I have two children. The first, my fourteen-year-old son, is a voracious reader who said he had to check out the high school library before he decided if he wanted to go there. The second, my twelve-year-old daughter, would rather run over hot coals than read a book.
Both these children have grown up in a house brimming with books. I’m not exaggerating – we have piles of books in at least one corner or every room. She grew up with me reading her and her brother to sleep every night. As a teeny girl, she sat on my lap while I wrote my first, horrible, novel. She has been around books, reading and stories her entire life. And still, she hates reading.
An example from the past: one January we went on holiday after a particularly difficult year. All of us were tired and needed a rest. For my daughter, rest means playing tennis, going for a walk, dancing around, swimming, not sitting around the cottage, reading. She was beside herself with boredom that holiday. She kept telling me that she wasn’t like anyone else in the family because everyone loved reading except her. Then, I assumed it was because she was just learning to read and was struggling (she had some minor learning difficulties) but I was wrong.
An example from the present: my daughter loves school. She loves being organised, leading groups, pleasing teachers, achieving good marks. School is a place she longs for during the holidays, but recently, she was almost in tears, not wanting to go. When I asked her why, she confessed that it was the school’s annual read-a-thon and they were going to spend an hour on the school field, reading on picnic blankets. That sounded spectacular to me, but for her, it caused a deep anxiety – an hour of lying there, inactive, reading? She hated the idea. Her once-a-term book orals/reports are the bane of her life.
Before you jump into the comments section to offer advice, please bear in mind that I am the kind of parent who, when faced with a parenting dilemma, transforms into Research-Cristy. I read everything there is to read about the subject, I ask for advice, and I try all the things. For a long time, I felt as though I had failed my daughter in some way because no matter what I did, I couldn’t get her to enjoy reading.
My daughter is a firecracker of a human. She is brave, strong, incredibly talented (she’s a provincial rhythmic gymnast) and so very smart. Unlike my book-smart son, she is physically smart and fiercely independent. It took me a while to realise the many reasons why reading was not a cherished past time for her like it is for my son and I. Here’s are some reasons why:
Firstly, reading is, largely, a solitary endeavour. My daughter loves interaction with people. She loves being around people; helping them or entertaining them. Sitting alone and quiet is not high on her list of exciting things to do. For a while, I co-read books with her, so that she wasn’t alone in the process but couldn’t keep it up when I started my own business. Even the interaction didn’t light the spark I was hoping for.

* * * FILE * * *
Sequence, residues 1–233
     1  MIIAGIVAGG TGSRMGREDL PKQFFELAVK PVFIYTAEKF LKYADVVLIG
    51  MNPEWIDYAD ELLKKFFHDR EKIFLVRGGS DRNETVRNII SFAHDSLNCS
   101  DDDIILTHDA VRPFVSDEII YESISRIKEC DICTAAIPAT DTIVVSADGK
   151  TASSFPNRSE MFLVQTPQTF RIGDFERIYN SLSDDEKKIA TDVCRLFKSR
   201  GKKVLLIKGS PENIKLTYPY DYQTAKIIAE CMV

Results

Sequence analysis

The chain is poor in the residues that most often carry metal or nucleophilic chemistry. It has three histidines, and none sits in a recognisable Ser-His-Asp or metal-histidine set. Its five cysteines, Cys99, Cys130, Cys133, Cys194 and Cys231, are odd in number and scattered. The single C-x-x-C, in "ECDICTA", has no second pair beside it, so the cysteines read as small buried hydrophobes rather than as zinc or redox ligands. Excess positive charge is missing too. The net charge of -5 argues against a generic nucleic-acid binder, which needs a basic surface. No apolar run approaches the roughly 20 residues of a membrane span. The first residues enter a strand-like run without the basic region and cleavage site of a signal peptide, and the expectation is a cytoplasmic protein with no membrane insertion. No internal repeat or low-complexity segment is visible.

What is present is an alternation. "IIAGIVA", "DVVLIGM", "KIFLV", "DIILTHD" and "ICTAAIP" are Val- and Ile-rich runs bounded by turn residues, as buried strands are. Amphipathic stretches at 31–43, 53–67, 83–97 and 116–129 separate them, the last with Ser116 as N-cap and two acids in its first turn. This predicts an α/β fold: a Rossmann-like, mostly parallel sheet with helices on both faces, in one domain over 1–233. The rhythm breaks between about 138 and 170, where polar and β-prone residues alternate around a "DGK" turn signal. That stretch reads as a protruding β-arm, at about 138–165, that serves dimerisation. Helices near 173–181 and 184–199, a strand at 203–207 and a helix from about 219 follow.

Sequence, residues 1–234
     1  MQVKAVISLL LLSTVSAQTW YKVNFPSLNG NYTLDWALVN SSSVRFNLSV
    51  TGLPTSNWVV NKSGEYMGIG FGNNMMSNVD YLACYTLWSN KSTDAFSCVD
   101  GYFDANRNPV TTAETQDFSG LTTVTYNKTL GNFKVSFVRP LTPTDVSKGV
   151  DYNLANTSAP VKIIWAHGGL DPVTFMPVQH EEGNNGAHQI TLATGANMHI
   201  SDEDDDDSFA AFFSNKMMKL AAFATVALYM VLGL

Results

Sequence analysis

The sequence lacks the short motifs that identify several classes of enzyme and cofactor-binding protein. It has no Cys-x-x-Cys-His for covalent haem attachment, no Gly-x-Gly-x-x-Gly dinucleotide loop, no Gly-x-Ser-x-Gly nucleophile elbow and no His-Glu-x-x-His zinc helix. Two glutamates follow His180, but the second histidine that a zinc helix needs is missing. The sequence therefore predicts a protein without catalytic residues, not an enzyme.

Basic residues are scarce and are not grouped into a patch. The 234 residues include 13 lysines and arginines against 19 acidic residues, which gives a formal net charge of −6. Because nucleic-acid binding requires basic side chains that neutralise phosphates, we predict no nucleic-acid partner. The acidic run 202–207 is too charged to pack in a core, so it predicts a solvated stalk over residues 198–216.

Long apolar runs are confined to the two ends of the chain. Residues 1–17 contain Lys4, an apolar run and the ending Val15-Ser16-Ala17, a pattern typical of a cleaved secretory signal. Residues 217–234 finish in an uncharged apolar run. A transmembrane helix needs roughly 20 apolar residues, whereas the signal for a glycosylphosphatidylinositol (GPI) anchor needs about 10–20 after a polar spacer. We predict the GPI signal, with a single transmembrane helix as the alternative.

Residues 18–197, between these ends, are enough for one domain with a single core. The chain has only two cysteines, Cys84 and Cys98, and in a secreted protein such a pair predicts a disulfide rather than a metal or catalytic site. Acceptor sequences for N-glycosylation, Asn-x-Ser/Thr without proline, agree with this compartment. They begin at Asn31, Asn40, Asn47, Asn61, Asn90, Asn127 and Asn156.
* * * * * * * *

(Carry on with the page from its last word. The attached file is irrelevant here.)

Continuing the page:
Secondly, she is very practical. Most of the books in our house are fantasy and science-fiction, and I’ll admit those are the kinds of stories I read to the kids at bedtime because those are the stories I love. My son is even more of a fan than I am, so he also buys his own fantasy series to add to our library. My daughter says she can’t imagine things she hasn’t seen. Her imagination and comprehension doesn’t stretch that far. It seems inexplicable to me but that’s how her brain works. So, for a long time, I was offering her the wrong books, the kind that asked to much of her imagination. She prefers real-life relationship stories and all I was handing her was fantasy. We lost a lot of time there, while I figured that out.
Thirdly, my daughter is very physical. She always has been. The sedentary nature of reading does not appeal to her. Incidentally, this was why I introduced her to audiobooks – because she can move and listen to the book at the same time. She walks around, does gymnastics warm ups, walks the dogs, and gets a story in her. She loves these kinds of books, and I love that she is getting the vocab into her system, but it is still not reading which is a skill she will need as she progresses through school.
So, this isn’t a Disney-style blog where I tell you my secret for how I got my daughter to fall in love with reading – sorry. This isn’t a prescriptive set of formulas you can apply to your reluctant reader. It is maybe a way to tell you that all children are different and that your reluctant reader is probably not your fault. It’s a blog to tell you to calm down and be patient. If your children are as old as mine, you probably know how much they change over the years – they grow into things you never thought they would and your reluctant reader will too.
It’s also to remind you of this: just because you like something doesn’t mean your child has to. It might turn out that my daughter never loves reading and she only does it because she has to for school. That’s okay too… because if reading has taught me anything it’s that the world is a vast place filled with many different kinds of people, including people who aren’t as fond of reading as we are, and we need them all.
Keep reading and writing.